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Punctuated emergences of genetic and phenotypic innovations in eumetazoan, bilaterian, euteleostome, and hominidae ancestors.

Wenger Y, Galliot B - Genome Biol Evol (2013)

Bottom Line: Interestingly, groups of proteins that act together in their modern human functions often originated concomitantly, although the corresponding human phenotypes frequently emerged later.For example, the three cnidarians Acropora, Nematostella, and Hydra express a highly similar protein inventory, and their protein innovations can be affiliated either to traits shared by all eumetazoans (gut differentiation, neurogenesis); or to bilaterian traits present in only some cnidarians (eyes, striated muscle); or to traits not identified yet in this phylum (mesodermal layer, endocrine glands).The variable correspondence between phenotypes predicted from protein enrichments and observed phenotypes suggests that a parallel mechanism repeatedly produce similar phenotypes, thanks to novel regulatory events that independently tie preexisting conserved genetic modules.

View Article: PubMed Central - PubMed

Affiliation: Department of Genetics and Evolution, Institute of Genetics and Genomics in Geneva (iGE3), University of Geneva, Geneva, Switzerland.

ABSTRACT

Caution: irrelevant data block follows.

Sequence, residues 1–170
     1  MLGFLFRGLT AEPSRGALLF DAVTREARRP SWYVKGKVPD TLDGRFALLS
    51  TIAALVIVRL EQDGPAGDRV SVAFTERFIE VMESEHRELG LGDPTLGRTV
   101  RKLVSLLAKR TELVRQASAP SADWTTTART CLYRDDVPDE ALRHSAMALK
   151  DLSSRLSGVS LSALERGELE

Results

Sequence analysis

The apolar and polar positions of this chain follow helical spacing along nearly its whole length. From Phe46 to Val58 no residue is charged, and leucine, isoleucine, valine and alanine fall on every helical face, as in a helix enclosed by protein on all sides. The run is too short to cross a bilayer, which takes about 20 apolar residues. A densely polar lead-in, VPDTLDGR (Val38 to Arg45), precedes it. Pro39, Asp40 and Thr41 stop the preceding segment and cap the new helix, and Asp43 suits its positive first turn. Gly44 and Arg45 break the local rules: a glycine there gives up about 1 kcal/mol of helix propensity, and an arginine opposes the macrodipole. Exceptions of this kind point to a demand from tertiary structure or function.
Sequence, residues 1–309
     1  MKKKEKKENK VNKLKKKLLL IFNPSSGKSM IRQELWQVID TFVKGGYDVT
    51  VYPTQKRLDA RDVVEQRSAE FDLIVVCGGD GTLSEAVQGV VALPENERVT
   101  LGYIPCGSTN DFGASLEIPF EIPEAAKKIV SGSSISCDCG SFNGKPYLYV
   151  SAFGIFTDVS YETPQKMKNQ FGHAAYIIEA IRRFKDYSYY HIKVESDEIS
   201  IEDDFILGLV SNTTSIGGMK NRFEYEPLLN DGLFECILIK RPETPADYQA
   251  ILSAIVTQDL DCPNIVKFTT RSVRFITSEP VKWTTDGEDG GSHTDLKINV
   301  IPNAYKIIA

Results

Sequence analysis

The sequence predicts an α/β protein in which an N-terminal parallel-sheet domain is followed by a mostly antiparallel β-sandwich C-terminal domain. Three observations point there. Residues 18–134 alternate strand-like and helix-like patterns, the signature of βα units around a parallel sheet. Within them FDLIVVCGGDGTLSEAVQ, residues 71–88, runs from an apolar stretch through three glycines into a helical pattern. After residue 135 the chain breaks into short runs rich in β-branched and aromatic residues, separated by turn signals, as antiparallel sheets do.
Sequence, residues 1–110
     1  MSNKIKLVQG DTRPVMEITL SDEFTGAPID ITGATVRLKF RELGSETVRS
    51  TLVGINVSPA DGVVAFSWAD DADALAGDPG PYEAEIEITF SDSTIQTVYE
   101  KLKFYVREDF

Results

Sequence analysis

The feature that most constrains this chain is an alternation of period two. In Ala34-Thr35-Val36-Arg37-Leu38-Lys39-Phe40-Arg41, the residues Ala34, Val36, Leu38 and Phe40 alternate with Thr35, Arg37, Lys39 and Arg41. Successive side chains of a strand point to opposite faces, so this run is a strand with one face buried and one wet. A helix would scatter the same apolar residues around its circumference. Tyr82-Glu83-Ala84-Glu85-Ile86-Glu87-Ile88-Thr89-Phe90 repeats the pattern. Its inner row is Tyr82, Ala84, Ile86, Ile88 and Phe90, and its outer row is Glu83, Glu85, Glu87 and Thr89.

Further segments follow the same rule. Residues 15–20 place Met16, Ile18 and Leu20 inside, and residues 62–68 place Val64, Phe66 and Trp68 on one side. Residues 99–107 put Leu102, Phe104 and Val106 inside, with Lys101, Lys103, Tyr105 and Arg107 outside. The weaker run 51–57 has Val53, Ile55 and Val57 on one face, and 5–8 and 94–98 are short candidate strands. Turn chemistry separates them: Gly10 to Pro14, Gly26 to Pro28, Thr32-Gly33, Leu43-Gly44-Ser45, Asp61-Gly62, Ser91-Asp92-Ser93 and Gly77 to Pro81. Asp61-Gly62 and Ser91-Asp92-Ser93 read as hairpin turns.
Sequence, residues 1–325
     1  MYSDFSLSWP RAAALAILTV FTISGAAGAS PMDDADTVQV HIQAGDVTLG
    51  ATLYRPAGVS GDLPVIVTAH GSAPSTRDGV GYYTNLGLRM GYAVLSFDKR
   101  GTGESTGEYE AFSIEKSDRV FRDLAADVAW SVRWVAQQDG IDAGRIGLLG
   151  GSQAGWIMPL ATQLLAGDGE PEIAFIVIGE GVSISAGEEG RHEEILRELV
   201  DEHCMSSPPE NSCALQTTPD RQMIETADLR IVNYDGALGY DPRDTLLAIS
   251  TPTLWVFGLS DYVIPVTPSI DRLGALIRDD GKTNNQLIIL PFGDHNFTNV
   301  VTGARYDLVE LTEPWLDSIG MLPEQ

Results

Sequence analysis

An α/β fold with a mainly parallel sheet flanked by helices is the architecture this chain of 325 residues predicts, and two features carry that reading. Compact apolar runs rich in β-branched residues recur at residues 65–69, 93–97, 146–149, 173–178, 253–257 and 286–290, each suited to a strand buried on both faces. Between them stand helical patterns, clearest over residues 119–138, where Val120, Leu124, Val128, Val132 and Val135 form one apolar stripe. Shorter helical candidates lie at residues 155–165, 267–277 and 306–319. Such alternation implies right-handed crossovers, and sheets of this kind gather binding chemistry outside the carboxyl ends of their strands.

Phenotypic traits derive from the selective recruitment of genetic materials over macroevolutionary times, and protein-coding genes constitute an essential component of these materials. We took advantage of the recent production of genomic scale data from sponges and cnidarians, sister groups from eumetazoans and bilaterians, respectively, to date the emergence of human proteins and to infer the timing of acquisition of novel traits through metazoan evolution. Comparing the proteomes of 23 eukaryotes, we find that 33% human proteins have an ortholog in nonmetazoan species. This premetazoan proteome associates with 43% of all annotated human biological processes. Subsequently, four major waves of innovations can be inferred in the last common ancestors of eumetazoans, bilaterians, euteleostomi (bony vertebrates), and hominidae, largely specific to each epoch, whereas early branching deuterostome and chordate phyla show very few innovations. Interestingly, groups of proteins that act together in their modern human functions often originated concomitantly, although the corresponding human phenotypes frequently emerged later. For example, the three cnidarians Acropora, Nematostella, and Hydra express a highly similar protein inventory, and their protein innovations can be affiliated either to traits shared by all eumetazoans (gut differentiation, neurogenesis); or to bilaterian traits present in only some cnidarians (eyes, striated muscle); or to traits not identified yet in this phylum (mesodermal layer, endocrine glands). The variable correspondence between phenotypes predicted from protein enrichments and observed phenotypes suggests that a parallel mechanism repeatedly produce similar phenotypes, thanks to novel regulatory events that independently tie preexisting conserved genetic modules.